– Nick Gammon
    Jun 6, 2019 at 9:00

2 Answers 2

0

In some architectures a "char" is an "unsigned byte". In others it's a "signed byte". The AVR specification mandates a signed byte for char. Whatever you are compiling on probably mandates an unsigned char.

You cannot assume one or another. If you are working with an array of characters (a "string") you should be assigning it to a char data type. That way the signage of the data type and the "string" content will match.

By using uint8_t you are specifically telling it to use an unsigned byte.

strtoul() expects a char. Since on AVR char is signed, when you try and squeeze an 8-bit value into a 7-bit + sign space it warns you. Which is good. You potentially lose the 8th bit of your data.

The main error, though, is:

error: taking address of temporary array

This is caused by you creating a new temporary array within the parameter list of strtoul.

{byteBuffer[i], byteBuffer[i + 1], '\0'}

Then you take the address of that array and pass it to the function. That is not good. Imagine the situation where the function returns something that is dependent on that address. For instance a function that returns a pointer to all but the first character of the string. Once the function returns that returned pointer points to an area of memory that is no longer valid - the temporary array has already been disposed of.

I know that's not the case in your code, but it's a possibility you can conceive.

Yes, temporary arrays like that are perfectly valid in some versions of C++. But those are fairly recent versions, and the Arduino compiler isn't that recent (I don't know which version introduced them as valid off hand, but we're up to GCC version 8 now. Arduino is still down at version 5.something IIRC).

Suffice it to say, don't use temporary arrays like that (which is a shame, because it's damn useful). Instead you have to assign it to a new array and pass the pointer to that array instead:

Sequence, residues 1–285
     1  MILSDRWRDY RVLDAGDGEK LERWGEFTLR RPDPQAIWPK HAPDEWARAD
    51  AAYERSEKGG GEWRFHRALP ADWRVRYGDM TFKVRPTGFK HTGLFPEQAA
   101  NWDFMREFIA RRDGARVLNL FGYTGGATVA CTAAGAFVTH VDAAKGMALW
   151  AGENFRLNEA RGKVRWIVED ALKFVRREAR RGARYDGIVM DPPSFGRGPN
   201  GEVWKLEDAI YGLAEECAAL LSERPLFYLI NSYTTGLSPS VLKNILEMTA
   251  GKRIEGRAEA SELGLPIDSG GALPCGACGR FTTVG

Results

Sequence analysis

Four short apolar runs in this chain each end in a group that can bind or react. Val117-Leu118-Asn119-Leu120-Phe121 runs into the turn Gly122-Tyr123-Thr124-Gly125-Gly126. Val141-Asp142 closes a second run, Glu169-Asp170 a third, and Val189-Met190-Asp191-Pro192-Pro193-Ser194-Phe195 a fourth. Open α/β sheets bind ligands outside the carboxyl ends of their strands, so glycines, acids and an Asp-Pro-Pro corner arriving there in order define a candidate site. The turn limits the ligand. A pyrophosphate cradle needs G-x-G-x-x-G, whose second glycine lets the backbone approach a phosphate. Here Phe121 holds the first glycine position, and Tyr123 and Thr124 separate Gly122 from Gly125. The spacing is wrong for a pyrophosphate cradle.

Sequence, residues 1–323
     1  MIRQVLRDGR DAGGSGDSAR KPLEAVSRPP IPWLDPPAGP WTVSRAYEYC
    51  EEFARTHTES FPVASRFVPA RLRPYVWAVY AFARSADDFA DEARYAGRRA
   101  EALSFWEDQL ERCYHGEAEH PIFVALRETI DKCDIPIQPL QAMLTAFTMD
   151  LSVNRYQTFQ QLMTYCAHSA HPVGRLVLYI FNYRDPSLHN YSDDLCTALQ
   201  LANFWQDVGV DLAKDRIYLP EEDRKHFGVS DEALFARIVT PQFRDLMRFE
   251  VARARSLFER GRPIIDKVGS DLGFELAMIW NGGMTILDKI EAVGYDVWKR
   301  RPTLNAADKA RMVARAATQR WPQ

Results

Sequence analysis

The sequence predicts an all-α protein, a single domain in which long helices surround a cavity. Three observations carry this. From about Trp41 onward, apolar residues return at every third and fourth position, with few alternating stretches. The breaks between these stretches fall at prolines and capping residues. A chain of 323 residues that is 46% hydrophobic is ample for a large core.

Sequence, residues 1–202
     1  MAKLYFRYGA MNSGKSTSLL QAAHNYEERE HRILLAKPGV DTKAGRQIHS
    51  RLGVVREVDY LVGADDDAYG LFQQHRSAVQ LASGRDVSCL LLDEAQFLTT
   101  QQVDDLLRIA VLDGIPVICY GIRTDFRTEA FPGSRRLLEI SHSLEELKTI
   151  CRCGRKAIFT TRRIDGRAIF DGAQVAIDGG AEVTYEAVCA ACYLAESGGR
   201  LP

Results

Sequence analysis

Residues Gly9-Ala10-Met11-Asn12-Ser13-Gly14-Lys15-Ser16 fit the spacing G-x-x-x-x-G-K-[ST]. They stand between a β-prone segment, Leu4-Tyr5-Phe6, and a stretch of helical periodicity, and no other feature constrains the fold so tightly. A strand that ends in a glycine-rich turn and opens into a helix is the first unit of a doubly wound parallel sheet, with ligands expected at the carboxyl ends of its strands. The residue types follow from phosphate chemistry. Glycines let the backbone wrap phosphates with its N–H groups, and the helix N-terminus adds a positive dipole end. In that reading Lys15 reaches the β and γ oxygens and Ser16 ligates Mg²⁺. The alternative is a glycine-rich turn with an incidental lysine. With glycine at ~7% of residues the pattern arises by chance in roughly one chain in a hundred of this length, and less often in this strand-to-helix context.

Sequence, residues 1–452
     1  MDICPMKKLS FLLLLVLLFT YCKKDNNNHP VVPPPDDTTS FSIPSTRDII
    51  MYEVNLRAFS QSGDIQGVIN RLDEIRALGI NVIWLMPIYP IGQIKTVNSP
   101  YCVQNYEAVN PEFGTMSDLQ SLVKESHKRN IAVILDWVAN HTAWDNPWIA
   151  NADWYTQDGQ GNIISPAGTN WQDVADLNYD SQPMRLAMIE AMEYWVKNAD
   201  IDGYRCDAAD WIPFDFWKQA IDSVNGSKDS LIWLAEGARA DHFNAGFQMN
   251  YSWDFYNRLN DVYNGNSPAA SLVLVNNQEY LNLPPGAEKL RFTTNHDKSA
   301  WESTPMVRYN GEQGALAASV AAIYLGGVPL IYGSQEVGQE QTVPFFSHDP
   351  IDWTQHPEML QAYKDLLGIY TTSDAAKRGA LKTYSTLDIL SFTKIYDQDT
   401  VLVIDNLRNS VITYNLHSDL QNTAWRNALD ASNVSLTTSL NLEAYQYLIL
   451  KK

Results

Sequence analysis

char tempArr[3] = {byteBuffer[i], byteBuffer[i + 1], '\0'};
 arr2[i / 2] = strtoul(tempArr, 0, 16);

That way the address you're passing to the function is one that is allocated on the stack and is guaranteed to exist past the lifetime of the function call (right up until the end of the current scope).

0

Not questioning the language issues that were pointed out, but simple answer to what you asked,

"... what's the issue here with ... its different behavior on Arduino"

is that these are two different compilers, possibly written to two different standards of the language (the standards evolve over time) and likely run with different error- and warning suppression switches.

And not to be pedantic but to clarify, it hasn't actually run on the Arduino yet, not having compiled successfully in that environment. The differences you see are entirely due to the differences between the two compilers and the error-options they were run with.

Your Answer

By clicking “Post Your Answer”, you agree to our terms of service and acknowledge you have read our privacy policy.

Not the answer you're looking for? Browse other questions tagged or ask your own question.